As described above, according to the present invention, since the temperature-sensitive quartz resonator is utilized for measurement of the lower gas pressure in the thermal conduction mode due to pressure-dependency of the temperature-sensitivity and utilized for measurement of the upper gas pressure range in the frictional mode due to dependency of resonant current on the gas pressure, the single resonator sensor can continuously measure the considerably wide range of gas pressure (from 10-4 Torr to 103 Torr), thereby providing great practical advantage.

Patent Citations
Cited PatentFiling datePublication dateApplicantTitle
US3580081 *Sep 10, 1969May 25, 1971Veeco Instr IncVacuum gauge
US4197752 *Nov 22, 1978Apr 15, 1980Barry BlockThermal gas pressure gauge method and apparatus
US4471661 *May 5, 1982Sep 18, 1984Edwards Jr DavidElectronic-type vacuum gauges with replaceable elements
US4541286 *Aug 24, 1982Sep 17, 1985Holme Alan EGas pressure measuring circuit
US4633717 *Jul 31, 1985Jan 6, 1987Varian Associates, Inc.Thermocouple vacuum gauge
US4684842 *Oct 14, 1986Aug 4, 1987Nagano Keiki Seisakusho, Ltd.Gas pressure transducer
US4729242 *May 21, 1986Mar 8, 1988Leybold Heraeus GmbhConduction-responsive meter head
US4741213 *Feb 9, 1987May 3, 1988Seiko Instruments & Electronics Ltd.Quartz-type gas pressure gauge
US4747311 *Mar 10, 1987May 31, 1988Seiko Instruments Inc.Gas pressure gage
US4959999 *Feb 15, 1989Oct 2, 1990Seiko Electronic Components Ltd.Vacuum gauge of thermo-conductive type with quartz oscillator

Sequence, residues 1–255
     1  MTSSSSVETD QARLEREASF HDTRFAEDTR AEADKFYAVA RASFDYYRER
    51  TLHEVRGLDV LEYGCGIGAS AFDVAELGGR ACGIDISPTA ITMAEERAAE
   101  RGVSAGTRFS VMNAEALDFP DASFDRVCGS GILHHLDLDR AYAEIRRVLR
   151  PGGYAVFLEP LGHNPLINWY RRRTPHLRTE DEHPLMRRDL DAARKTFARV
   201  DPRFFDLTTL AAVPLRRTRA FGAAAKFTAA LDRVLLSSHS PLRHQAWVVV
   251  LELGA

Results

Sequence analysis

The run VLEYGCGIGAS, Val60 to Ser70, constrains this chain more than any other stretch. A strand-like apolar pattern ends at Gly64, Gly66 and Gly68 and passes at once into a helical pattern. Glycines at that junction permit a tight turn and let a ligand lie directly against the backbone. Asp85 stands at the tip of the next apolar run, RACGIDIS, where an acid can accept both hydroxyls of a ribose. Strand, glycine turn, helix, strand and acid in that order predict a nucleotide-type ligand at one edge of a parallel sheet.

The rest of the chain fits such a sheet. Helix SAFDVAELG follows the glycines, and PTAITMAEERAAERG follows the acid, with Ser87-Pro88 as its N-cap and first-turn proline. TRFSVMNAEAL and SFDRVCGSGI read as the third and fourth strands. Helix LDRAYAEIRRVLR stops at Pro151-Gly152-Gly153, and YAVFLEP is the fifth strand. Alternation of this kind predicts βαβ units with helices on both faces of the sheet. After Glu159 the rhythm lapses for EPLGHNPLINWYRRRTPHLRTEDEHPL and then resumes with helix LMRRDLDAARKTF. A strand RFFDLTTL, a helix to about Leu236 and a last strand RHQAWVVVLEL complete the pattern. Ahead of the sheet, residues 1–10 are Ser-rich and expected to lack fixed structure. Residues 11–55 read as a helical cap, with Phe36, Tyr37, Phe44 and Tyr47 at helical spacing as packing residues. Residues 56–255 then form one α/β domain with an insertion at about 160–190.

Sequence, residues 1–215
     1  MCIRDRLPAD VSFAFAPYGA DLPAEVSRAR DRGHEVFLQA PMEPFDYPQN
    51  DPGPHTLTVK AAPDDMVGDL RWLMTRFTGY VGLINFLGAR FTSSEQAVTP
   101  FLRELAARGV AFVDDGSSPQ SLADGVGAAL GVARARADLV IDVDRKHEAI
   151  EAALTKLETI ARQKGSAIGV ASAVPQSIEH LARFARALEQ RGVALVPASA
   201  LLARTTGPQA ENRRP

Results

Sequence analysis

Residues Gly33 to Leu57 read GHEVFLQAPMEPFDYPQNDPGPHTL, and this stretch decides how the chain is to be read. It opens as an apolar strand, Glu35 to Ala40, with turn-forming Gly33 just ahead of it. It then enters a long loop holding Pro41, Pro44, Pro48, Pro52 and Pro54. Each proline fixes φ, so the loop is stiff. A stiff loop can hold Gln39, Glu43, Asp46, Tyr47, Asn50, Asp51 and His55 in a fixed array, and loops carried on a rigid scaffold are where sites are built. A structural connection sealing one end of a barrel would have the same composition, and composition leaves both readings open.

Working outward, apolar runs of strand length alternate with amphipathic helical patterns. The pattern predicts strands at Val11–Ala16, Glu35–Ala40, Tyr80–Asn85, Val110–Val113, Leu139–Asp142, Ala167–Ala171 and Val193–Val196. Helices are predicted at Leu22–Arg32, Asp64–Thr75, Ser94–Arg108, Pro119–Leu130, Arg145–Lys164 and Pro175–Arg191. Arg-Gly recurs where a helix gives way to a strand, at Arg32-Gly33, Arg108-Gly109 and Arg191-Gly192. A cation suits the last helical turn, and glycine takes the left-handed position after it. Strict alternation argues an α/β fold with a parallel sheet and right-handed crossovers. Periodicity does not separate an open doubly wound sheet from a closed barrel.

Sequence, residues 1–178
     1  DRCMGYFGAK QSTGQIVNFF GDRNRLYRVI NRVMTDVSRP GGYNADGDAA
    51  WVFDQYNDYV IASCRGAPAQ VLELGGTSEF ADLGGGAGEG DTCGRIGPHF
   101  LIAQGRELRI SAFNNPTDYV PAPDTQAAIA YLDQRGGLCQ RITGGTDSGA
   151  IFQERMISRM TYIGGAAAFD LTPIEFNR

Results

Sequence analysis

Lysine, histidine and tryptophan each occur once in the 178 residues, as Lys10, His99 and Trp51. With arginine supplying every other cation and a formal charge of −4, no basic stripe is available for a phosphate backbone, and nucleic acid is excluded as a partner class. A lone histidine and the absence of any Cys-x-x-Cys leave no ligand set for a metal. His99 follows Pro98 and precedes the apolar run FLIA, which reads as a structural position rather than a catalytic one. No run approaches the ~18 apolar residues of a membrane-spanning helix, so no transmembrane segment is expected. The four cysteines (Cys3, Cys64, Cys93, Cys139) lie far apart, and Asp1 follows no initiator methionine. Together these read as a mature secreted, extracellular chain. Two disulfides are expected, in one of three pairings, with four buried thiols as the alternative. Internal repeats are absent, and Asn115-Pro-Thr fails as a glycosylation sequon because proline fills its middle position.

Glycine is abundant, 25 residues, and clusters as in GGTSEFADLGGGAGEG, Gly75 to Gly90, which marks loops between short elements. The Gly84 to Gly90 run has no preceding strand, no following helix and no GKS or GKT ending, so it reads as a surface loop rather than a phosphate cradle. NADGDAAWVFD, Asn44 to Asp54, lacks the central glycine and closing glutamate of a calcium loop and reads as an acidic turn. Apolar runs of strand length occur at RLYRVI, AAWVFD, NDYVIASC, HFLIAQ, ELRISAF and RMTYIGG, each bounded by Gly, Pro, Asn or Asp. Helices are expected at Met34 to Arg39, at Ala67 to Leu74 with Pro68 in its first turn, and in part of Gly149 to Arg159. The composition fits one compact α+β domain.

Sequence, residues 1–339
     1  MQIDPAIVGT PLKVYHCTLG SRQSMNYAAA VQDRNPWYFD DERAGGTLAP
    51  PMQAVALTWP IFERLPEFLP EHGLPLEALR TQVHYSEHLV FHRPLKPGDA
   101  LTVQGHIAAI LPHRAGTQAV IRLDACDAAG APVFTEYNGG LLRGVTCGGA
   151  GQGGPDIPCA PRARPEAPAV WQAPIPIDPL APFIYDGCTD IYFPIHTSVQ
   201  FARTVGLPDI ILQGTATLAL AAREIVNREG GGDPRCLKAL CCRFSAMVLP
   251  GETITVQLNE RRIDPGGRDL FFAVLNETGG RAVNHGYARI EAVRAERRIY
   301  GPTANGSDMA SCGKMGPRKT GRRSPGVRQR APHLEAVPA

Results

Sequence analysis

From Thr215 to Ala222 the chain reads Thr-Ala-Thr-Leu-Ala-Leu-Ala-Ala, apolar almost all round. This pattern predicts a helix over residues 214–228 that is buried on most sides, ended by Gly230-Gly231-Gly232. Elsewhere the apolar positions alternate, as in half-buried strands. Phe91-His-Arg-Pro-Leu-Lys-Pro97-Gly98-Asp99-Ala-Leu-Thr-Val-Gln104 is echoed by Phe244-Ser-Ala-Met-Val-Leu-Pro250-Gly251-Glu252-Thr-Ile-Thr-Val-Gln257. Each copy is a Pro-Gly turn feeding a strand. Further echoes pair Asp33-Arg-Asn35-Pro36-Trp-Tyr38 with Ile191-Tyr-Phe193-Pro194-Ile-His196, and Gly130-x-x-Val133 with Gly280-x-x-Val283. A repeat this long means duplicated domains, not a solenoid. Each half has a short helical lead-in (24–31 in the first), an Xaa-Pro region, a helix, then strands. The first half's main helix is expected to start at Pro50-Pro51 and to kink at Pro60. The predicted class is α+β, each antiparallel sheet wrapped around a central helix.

Non-Patent Citations
Reference
1 *J. Phys. E. Sci. Instrum (GB), vol. 5, No. 5, May 1972 W. Steckelmacher et al.
2 *Journal of Vacuum Science & Technology A, vol. 4, No. 3, Part II, Second Series, May/Jun. 1986, pp. 1728 1731, Ono et al.
3Journal of Vacuum Science & Technology A, vol. 4, No. 3, Part II, Second Series, May/Jun. 1986, pp. 1728-1731, Ono et al.
Referenced by
Citing PatentFiling datePublication dateApplicantTitle
US5319965 *Mar 2, 1992Jun 14, 1994Halliburton CompanyMultiple channel pressure recorder
US6930521 *Jun 30, 2003Aug 16, 2005Agilent Technologies, Inc.Circuit for controlling the performance of an integrated circuit
US7322248 *Aug 29, 2006Jan 29, 2008Eastman Kodak CompanyPressure gauge for organic materials
US8627726 *Jun 4, 2008Jan 14, 2014Nxp, B.V.Pressure gauge
US20100154553 *Jun 4, 2008Jun 24, 2010Nxp B.V.Pressure gauge
US20120152018 *Dec 16, 2011Jun 21, 2012Seiko Epson CorporationAtmospheric pressure estimation method and atmospheric pressure estimation device
Classifications
U.S. Classification73/755, 310/319, 73/708
International ClassificationG01L21/10, G01L21/22
Cooperative ClassificationG01L21/22
European ClassificationG01L21/22
Legal Events
DateCodeEventDescription
Sep 16, 2003FPExpired due to failure to pay maintenance fee
Effective date: 20030723
Jul 23, 2003LAPSLapse for failure to pay maintenance fees
Feb 5, 2003REMIMaintenance fee reminder mailed
Jan 11, 1999FPAYFee payment
Year of fee payment: 8
Jan 9, 1995FPAYFee payment
Year of fee payment: 4
Mar 18, 1991ASAssignment
Owner name: SEIKO ELECTRONIC COMPONENTS LTD., 30-1 NISHITAGA 5
Free format text: ASSIGNMENT OF ASSIGNORS INTEREST.;ASSIGNOR:TAMURA, FUJIO;REEL/FRAME:005682/0046
Effective date: 19910201